US Catholic Faith in Real Life

The billion prayer march

By Sarah Sharp | Print this pagePrint | Email this pageShare
The billion prayer march: a play in three short acts

Act I. Enter Extreme Poverty. Much wailing and grinding of teeth. She falls to the ground and crawls offstage. Enter Jon Denn. Much pacing and wringing of hands. He sits down at his computer and creates

Act II. Enter Minister and Congregants. All turn toward audience and pray, "The world now has the means to end extreme poverty, we pray we will have the will." Repeat one billion times.

Act III. Enter Extreme Poverty and Jon Denn. Denn hands Poverty a suitcase full of cash. Both smile. They embrace and skip offstage hand in hand.

This is the (ridiculously simplified and highly idealized) story of, an interfaith organization that seeks to rewrite the tragedy of global extreme poverty with a happy ending by praying for the will to fulfill the United Nations Millennium Project and then keep going from there.  

Jon Denn, co-director of the Trinity Conference Center in West Cornwall, Connecticut, started as the first act in his "life play" about eliminating extreme poverty (people living on under $1 a day) by starting with the first goal of the Millennium Project: halving extreme poverty by 2015.

Denn was inspired by the words of Dr. Martin Luther King, Jr. in the 1960s: "There is nothing new about poverty. What is new is that we now have the techniques and the resources to get rid of poverty. The real question is whether we have the will." Four decades later, Denn says, King's message still has an "unbelievable resonance" for the world of today. "The issue here is will; we already have the way."

Part of the Millennium Project involved 22 of the richest nations of the world pledging to donate a minimum of 0.7 percent of their gross national income to official development assistance programs. It has been over eight years since the pledges were made, but according to the Millennium Project website only five nations have actually reached this goal: Norway (0.93 percent), Sweden (0.92 percent), Luxemburg (0.87 percent), the Netherlands (0.82 percent), and Denmark (0.81 percent).

Another 11 nations have developed a timetable for meeting this goal. It is disconcerting to discover that the United States, the wealthiest and most powerful nation in the world, comes in second to last of these 22 nations with a paltry 0.22 percent and without any timetable for meeting the 0.7 percent goal.

While reflecting on this Denn recognized that it wasn't the lack of resources that was keeping the U.S. and other nations from providing the much-needed financial assistance, it was the lack of determination to make good on the promises of the Millennium Project-and the lack of public awareness of the Millennium Project, the 0.7 percent goal, and extreme poverty in general.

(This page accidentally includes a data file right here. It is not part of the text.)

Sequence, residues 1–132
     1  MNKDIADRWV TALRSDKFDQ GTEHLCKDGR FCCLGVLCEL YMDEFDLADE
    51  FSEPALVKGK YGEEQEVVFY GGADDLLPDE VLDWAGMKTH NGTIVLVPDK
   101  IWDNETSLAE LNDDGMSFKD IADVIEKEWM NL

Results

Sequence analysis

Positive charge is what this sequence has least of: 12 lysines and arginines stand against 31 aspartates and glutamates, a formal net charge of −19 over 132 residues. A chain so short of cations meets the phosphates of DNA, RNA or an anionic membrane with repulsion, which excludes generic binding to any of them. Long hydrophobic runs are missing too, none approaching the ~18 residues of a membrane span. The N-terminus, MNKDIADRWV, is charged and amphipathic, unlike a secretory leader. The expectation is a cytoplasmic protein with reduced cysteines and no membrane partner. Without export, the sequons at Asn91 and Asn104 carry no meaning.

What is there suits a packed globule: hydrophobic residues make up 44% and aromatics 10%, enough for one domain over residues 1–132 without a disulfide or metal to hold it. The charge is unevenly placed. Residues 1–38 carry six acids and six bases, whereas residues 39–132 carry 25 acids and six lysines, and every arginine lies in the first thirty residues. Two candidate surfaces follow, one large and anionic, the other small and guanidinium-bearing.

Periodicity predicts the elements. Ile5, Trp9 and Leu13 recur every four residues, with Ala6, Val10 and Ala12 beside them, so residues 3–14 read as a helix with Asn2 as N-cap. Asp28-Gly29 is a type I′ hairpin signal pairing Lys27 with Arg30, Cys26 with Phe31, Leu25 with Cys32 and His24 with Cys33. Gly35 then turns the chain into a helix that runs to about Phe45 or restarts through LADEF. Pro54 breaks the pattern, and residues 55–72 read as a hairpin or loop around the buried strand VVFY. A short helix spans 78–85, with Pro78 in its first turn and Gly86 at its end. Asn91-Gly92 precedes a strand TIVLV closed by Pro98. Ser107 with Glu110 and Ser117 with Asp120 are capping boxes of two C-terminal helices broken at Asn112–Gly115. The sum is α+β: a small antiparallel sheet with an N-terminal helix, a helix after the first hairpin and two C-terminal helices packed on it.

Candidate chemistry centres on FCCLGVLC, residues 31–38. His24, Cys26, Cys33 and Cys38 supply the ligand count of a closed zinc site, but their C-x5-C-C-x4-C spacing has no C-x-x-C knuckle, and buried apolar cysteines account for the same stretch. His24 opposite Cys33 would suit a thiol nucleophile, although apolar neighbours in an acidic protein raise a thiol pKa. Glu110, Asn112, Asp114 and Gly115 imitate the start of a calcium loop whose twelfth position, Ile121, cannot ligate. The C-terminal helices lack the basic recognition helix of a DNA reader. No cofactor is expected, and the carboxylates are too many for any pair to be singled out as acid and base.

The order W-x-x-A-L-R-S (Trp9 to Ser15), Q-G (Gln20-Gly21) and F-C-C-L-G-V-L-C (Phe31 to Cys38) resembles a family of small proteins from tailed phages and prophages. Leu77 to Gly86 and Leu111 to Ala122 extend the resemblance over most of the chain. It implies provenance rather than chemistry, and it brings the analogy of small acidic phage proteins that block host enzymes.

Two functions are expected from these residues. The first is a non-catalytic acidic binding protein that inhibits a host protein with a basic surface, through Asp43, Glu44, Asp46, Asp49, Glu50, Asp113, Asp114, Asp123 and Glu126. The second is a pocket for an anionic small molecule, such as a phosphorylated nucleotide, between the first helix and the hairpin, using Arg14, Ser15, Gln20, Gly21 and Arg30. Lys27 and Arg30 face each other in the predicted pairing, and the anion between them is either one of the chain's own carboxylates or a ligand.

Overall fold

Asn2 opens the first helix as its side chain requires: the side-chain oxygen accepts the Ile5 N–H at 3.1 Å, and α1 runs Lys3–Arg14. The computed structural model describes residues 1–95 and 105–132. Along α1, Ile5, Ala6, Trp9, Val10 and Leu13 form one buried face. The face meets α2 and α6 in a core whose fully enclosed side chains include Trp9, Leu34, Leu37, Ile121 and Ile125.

To combat these issues, Denn originally wanted to write a play-unfortunately, Denn couldn't think of a suitable structure for a play about extreme poverty that was both informative and entertaining. "People's attention spans are very short, and they don't want to be preached at for an hour."

Instead, Denn turned from the theatre to the real world for his stage and wrote a simple one line, seven second play (and prayer) addressing the real crux of the issue: "The world now has the means to end extreme poverty, we pray we will have the will." Denn would like this play performed (and this prayer said) for each of the one billion people living in extreme poverty today.

To publicize his "life play" he started, where he keeps track of the number of prayer pledges. The casting call for this play is ongoing and open to all-everyone lands a role by saying the prayer and getting others involved in praying. All proceeds go directly to the extremely impoverished, especially the financial support generated by individual and community involvement in holding our government leaders to their Millennium promises.

The prayer count on his website recently exceeded 800,000, and Denn laughs as he says, "At 800,000 performances, this has got to be the most staged play in the world!" Denn challenges people to believe in the power of prayer-however, we also need to believe in the power of our own ability to get involved and make a difference. It may be the answer to someone's prayer.

For more information about eliminating extreme poverty